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Tail End of Delta’s Mad Dogs; British Airways Might Drop Gatwick

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Rene’s Points For Better Travel, a division of Chatterbox Entertainment, Inc. has partnered with CardRatings for our coverage of credit card products. Rene’s Points For Better Travel and CardRatings may receive a commission from card issuers. Opinions, reviews, analyses & recommendations are the author’s alone, and have not been reviewed, endorsed or approved by any of these entities. As an Amazon Associate I earn from qualifying purchases.


Delta is ramping up the retirement of two aircraft models. And British Airways may not return to London’s Gatwick airport. Plus, one travel agency is faring ridiculously well during the pandemic.

Final Weeks for Delta’s MD-88s, MD-90s

Delta Air Lines is accelerating the retirements of its remaining MD-88s and MD-90s. (That’s an MD-88 pictured above). The Mad Dogs (their affectionate nickname) originally were scheduled to be phased out later in the year.

They’ll instead receive their gold watches this June.

London, United Kingdom - May 13, 2016: A British Airways Airbus A380 with the registration G-XLEB approaching London Heathrow Airport (LHR) in the United Kingdom. The Airbus A380 is the world's largest passenger airliner. British Airways is the flag carrier airline of the United Kingdom based at London Heathrow airport.
(iStock.com/Boarding1Now)

Things are BAd for British Airways

Some grim news out of British Airways. First, the airline might not reopen its London Gatwick operations — even after the pandemic is over. On top of that, a restructuring and redundancy plan could impact as many as 12,000 employees

Business Booms for a California Travel Agency

Skift reports that California travel agency TravelStore booked just over 74,000 room nights during a 17-day period this month.

How’s that possible in the COVID-19 climate?

Skift’s Matthew Parson explains that TravelStore is “the only authorized travel management service provider for all of the state of California’s government travel — and the bookings are coming from healthcare workers.”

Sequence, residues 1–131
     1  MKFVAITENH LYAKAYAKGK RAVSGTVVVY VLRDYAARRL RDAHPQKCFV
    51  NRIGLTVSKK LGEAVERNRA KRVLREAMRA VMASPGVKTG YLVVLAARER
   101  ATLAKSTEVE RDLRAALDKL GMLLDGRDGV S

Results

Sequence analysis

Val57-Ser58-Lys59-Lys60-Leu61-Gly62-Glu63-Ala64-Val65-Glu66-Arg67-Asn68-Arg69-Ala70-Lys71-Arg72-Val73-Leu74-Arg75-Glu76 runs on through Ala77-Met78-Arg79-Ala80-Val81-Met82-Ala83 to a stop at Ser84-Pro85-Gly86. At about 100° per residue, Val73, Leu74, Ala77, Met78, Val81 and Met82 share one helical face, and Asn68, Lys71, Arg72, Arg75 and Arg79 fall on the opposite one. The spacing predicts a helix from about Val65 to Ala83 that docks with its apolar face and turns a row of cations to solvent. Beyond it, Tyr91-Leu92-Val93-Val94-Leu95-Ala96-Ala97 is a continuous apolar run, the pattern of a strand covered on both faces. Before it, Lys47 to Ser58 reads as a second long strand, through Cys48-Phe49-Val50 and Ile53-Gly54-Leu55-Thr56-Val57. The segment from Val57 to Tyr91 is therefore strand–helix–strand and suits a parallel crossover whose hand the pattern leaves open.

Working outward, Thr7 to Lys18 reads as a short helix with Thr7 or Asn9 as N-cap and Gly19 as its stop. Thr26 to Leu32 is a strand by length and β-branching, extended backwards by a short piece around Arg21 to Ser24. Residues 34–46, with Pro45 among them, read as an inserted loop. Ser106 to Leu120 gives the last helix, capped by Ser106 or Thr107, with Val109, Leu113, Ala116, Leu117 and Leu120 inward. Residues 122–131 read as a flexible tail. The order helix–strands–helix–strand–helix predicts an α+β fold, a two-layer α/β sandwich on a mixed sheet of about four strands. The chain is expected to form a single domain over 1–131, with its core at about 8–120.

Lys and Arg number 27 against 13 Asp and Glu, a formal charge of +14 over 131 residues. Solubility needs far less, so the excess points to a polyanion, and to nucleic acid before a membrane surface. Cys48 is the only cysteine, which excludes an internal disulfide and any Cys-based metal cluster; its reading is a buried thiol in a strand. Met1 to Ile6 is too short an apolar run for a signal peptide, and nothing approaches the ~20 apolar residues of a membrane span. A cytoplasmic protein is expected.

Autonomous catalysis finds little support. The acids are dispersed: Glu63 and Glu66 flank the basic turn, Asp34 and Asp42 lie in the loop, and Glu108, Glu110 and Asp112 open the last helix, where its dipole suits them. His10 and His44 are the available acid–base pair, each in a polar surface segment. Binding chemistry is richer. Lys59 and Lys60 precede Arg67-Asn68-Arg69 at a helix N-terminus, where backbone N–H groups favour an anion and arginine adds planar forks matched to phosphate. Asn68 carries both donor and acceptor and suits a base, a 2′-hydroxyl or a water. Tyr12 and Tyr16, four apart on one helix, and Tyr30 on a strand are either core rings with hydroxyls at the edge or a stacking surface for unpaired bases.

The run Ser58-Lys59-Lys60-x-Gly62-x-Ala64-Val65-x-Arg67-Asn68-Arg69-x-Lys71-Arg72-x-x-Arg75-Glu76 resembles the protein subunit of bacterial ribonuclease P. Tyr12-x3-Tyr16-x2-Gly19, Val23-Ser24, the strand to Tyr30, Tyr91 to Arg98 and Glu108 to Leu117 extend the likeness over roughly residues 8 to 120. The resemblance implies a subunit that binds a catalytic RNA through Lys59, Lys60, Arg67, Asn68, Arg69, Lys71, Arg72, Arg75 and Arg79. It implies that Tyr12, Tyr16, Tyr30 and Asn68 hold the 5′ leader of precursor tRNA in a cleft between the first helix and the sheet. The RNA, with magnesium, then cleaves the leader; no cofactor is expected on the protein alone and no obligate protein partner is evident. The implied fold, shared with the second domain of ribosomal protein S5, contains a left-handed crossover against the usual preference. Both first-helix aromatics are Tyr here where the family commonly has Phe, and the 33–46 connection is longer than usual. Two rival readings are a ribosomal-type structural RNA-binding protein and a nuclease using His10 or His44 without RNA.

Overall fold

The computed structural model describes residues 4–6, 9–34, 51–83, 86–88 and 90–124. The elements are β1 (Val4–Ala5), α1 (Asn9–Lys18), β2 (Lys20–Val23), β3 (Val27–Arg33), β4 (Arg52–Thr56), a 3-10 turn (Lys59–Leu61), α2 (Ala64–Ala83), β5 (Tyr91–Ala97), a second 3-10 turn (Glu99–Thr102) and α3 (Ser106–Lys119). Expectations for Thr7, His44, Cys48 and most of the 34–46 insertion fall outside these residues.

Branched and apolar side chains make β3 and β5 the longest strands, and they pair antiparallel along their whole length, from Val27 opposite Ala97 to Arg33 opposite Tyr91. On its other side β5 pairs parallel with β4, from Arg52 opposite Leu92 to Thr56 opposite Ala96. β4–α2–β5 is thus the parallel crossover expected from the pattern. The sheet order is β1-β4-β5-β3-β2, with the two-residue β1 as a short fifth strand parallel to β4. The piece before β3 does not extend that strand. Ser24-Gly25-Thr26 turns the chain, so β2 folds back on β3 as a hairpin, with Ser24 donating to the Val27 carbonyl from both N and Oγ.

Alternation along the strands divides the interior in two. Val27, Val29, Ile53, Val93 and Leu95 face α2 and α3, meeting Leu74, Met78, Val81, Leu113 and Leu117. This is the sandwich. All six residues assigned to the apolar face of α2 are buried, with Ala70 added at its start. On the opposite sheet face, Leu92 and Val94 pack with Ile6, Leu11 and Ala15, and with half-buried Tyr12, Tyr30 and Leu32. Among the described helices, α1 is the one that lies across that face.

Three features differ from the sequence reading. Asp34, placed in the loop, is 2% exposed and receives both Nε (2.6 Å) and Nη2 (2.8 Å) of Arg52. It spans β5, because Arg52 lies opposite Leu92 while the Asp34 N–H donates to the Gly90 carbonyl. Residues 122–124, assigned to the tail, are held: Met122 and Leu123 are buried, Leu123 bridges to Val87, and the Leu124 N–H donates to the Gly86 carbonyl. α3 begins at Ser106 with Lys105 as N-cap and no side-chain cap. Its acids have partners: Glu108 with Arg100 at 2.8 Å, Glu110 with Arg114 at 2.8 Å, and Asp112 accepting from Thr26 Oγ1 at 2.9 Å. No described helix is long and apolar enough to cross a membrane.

Other Travel Headlines

Frontier Airlines becomes latest carrier to require passengers wear face coverings

A Texas Zoo is opening back up to the public with a drive-thru experience

Analysts are starting to agree on what it will take for airlines to recover in the coming months and years, while warning that airlines as big as American could go bankrupt

Coronavirus has infected 500 TSA employees, agency says

— Chris

 

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Rene’s Points For Better Travel, a division of Chatterbox Entertainment, Inc. has partnered with CardRatings for our coverage of credit card products. Rene’s Points For Better Travel and CardRatings may receive a commission from card issuers. Opinions, reviews, analyses & recommendations are the author’s alone, and have not been reviewed, endorsed or approved by any of these entities. As an Amazon Associate I earn from qualifying purchases.


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1 Comment

  1. Unless maintenance costs are sky high, seems to me there would be an advantage to keeping the MD’s and deferring delivery of new planes. MD’s are paid for, gas is currently cheap, and the ability to fly em when business is there and park em when it’s not would seem to be an advantage over newer planes that are leased or not yet paid off.

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